While the exact processes of “modernity” are still a matter of debate, it is undeniable that both democracy and science have played beneficial roles in creating our modern world.
The nearly universal positive associations that people have with both democracy and science have elevated them beyond the realm of the mere descriptive, and into the realm of moral principles. Democracy and science are not seen as means, but as ideals. It is the better angels of our nature, rather than the devil on our shoulder, that practices them, and we all should work to practice them more perfectly if we want to create a better world.
This idealization of democracy and science has often meant that people treat them as intimately linked, and, indeed, they are. Bertrand Russell rightfully recognized that democracy and science are both “open” methods; each is dedicated to the pursuit of truth through the application of reason as opposed to force. According to Russell, the essence of each was “not in what opinions are being held, but how they are being held: instead of being held dogmatically, they are held tentatively, and with a consciousness that new evidence may at any moment lead to their abandonment.” For democracy and science, the emphasis is on the how, and not the what; the focus is on the means, and not the ends.
While it is true that democracy and science share this common philosophical root, there is a danger in conflating the two too dramatically. Paying too close attention to the similarities between democracy and science can lead to a neglect of an important distinction that is beyond the questions of how and what. Specifically, it is the question of who; that is, who should make decisions in democratic or scientific arenas, and, most importantly, who should make decisions in a political area that strives to be democratic when the nature of the decisions requires a sophisticated and educated understanding of certain scientific facts?
Democracy appeals to the masses. It assumes the “will of the people” is the best means of governing, and that the best way to determine the people’s will is through a majoritarian system. Mass participation is essential. In science the process is flipped. A scientific consensus is not determined by a general vote, but by a general agreement among experts in a given field. What people strive for is not majority rule but the lowest common denominator of agreement among those who are most educated to evaluate the evidence. When issues are contentious in science, scientists win support for their view by appealing to their level of education and the quality of their work, not their popularity. In this way, too much democracy can be a threat to science, and too much science can be equally threatening to democracy. How then are these two ideals to be realized in our modern world without endangering the other?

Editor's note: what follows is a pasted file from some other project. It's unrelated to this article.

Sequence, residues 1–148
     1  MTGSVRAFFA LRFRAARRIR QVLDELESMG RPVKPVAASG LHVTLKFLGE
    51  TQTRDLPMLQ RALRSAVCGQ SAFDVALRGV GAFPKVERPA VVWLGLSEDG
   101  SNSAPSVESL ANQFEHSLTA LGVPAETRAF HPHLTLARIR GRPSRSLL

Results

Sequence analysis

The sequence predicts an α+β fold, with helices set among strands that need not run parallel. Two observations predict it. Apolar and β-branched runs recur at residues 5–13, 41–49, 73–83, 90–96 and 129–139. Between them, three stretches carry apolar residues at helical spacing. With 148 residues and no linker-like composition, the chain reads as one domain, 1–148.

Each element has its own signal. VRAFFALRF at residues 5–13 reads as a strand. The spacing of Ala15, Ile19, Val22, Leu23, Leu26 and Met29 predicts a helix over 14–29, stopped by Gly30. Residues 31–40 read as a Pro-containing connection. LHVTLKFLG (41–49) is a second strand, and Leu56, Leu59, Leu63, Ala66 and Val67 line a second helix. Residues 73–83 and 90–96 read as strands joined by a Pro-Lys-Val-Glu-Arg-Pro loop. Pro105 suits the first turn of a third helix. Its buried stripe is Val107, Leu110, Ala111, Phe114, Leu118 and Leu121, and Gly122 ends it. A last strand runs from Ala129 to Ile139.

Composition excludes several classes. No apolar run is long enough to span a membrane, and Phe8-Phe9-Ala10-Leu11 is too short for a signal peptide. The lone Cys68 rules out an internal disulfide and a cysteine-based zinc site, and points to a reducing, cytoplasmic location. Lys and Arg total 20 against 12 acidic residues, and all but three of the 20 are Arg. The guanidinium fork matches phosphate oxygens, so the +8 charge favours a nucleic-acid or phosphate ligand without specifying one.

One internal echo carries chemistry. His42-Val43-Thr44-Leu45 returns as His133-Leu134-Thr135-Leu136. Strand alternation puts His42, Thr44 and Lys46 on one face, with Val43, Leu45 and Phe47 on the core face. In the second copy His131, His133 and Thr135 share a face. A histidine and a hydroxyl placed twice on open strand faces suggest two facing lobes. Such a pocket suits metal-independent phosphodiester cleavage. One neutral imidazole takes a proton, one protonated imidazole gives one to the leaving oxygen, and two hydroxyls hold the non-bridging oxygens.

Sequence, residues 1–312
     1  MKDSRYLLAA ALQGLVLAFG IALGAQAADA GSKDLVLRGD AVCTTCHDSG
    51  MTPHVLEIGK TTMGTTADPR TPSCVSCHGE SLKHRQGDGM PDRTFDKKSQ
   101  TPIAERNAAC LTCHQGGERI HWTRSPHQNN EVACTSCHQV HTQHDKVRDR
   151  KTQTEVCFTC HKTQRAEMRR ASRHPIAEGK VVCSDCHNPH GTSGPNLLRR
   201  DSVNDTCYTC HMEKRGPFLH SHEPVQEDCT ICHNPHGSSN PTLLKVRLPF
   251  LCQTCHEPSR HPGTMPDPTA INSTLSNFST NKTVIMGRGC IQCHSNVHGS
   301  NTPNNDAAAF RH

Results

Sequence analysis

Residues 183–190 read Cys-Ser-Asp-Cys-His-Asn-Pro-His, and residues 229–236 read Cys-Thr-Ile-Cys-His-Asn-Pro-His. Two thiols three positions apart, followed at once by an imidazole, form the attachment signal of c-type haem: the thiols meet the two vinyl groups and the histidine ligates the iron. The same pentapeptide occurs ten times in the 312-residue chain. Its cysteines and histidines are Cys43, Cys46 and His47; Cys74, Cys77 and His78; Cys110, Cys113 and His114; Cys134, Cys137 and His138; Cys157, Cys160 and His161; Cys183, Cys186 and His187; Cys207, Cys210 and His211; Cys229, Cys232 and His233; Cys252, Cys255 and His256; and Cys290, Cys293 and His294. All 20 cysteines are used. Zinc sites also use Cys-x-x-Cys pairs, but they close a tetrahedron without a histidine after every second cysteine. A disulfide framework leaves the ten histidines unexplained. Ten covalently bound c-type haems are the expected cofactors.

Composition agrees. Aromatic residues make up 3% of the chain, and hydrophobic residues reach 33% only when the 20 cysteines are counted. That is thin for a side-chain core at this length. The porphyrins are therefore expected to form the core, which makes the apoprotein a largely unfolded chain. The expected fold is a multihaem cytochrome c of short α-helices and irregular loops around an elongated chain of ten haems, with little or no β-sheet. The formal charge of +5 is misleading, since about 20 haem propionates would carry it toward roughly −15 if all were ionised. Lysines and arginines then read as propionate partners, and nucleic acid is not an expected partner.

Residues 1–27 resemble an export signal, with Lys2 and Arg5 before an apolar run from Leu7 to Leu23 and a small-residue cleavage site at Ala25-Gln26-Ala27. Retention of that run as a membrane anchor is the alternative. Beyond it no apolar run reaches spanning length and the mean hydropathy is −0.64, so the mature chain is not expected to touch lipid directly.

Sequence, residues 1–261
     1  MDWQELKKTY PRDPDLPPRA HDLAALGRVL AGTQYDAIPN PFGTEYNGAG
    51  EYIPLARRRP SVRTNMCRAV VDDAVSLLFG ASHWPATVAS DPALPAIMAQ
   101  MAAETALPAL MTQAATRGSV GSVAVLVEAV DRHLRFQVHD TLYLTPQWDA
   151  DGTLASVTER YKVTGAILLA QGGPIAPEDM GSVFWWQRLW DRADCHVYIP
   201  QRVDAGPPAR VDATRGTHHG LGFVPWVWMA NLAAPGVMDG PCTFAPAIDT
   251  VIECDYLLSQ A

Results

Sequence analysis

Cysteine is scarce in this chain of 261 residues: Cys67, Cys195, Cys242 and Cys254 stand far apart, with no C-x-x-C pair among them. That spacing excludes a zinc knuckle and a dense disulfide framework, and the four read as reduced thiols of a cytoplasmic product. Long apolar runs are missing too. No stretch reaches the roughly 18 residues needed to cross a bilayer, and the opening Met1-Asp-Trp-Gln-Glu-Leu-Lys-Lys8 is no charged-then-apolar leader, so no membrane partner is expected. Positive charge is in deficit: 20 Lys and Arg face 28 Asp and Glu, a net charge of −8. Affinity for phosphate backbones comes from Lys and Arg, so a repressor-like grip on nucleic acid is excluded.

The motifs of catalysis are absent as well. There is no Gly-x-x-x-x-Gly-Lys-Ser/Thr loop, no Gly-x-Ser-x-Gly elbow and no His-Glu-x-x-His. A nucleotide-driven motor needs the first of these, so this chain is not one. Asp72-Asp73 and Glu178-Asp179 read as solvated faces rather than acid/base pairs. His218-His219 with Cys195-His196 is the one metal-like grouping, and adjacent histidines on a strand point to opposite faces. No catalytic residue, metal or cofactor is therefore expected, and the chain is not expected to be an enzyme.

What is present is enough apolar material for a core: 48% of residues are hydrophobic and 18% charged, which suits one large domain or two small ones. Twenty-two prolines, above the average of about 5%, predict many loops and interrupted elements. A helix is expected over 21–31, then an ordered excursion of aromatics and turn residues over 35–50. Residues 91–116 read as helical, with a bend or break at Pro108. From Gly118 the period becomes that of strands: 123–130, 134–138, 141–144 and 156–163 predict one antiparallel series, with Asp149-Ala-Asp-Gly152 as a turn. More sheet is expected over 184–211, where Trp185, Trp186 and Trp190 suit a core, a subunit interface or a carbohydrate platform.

This article will not attempt to answer this question, but it does emphasize that the question cannot be ignored. The failure to seriously address the question of the who in science and democracy has produced two conflicting social trends, each one, in their own way, antithetical to the philosophical openness that democracy and science value. The first is the various grassroots conspiratorial social movements that include not only an egregious misunderstanding of who has power in society but also a dispensation toward pseudoscientific proclamations. These movements use a mix demagoguery and popular protest to delegitimize scientific and scholarly expertise, especially if that expertise challenges their conspiratorial worldview. In these examples, ideologically driven mass participation is used against democracy by stifling independent thinking and open debate. The second is the rise of technocratic governments. This second trend—which has become frighteningly more common in Europe in the context of the sovereign debt crisis—champions scientific knowhow, but it does so at the expense of a disengaged public. Technocrats claim the mantel of science, but their zeal for using scientific knowhow for all decisions has actually threaten science as a social value. As the anarchist Mikhail Bakunin astutely observed, technocratic governments are another Uroboros that gradually turns against a scientifically literal public: “A scientific body to which had been confided the government of society would soon end by devoting itself no longer to science at all, but to quite another affair … its own eternal perpetuation by rendering the society confided to its care ever more stupid and consequently more in need of its government and direction.”
These two trends are perhaps the greatest threats to freedom in the modern world, not because they are the worst of all possible outcomes, but because they are the most likely to succeed. This is partly because they are threats that the Left is generally unprepared to deal with. Leftwing social movements, especially those of the democratic or libertarian variety, despite all their faults, have been the stalwarts for freedom in modern world. If these movements are to continue they must find creative ways for dealing with these complex threats, and find answers to the difficult questions of power so that their dreams of a libertarian socialist society will eventually become a reality.
Rise of the Conspiracy Theorists